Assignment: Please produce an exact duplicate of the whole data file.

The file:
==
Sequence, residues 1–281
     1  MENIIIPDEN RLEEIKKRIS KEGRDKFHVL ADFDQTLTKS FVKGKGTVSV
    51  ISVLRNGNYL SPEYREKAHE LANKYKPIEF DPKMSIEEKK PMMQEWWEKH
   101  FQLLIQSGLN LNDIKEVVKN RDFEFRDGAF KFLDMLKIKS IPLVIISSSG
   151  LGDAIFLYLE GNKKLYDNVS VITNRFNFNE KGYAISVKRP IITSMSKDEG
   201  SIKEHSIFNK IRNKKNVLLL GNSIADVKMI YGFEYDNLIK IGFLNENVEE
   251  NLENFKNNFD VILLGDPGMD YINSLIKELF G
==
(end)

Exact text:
Sequence, residues 1–281
     1  MENIIIPDEN RLEEIKKRIS KEGRDKFHVL ADFDQTLTKS FVKGKGTVSV
    51  ISVLRNGNYL SPEYREKAHE LANKYKPIEF DPKMSIEEKK PMMQEWWEKH
   101  FQLLIQSGLN LNDIKEVVKN RDFEFRDGAF KFLDMLKIKS IPLVIISSSG
   151  LGDAIFLYLE GNKKLYDNVS VITNRFNFNE KGYAISVKRP IITSMSKDEG
   201  SIKEHSIFNK IRNKKNVLLL GNSIADVKMI YGFEYDNLIK IGFLNENVEE
   251  NLENFKNNFD VILLGDPGMD YINSLIKELF G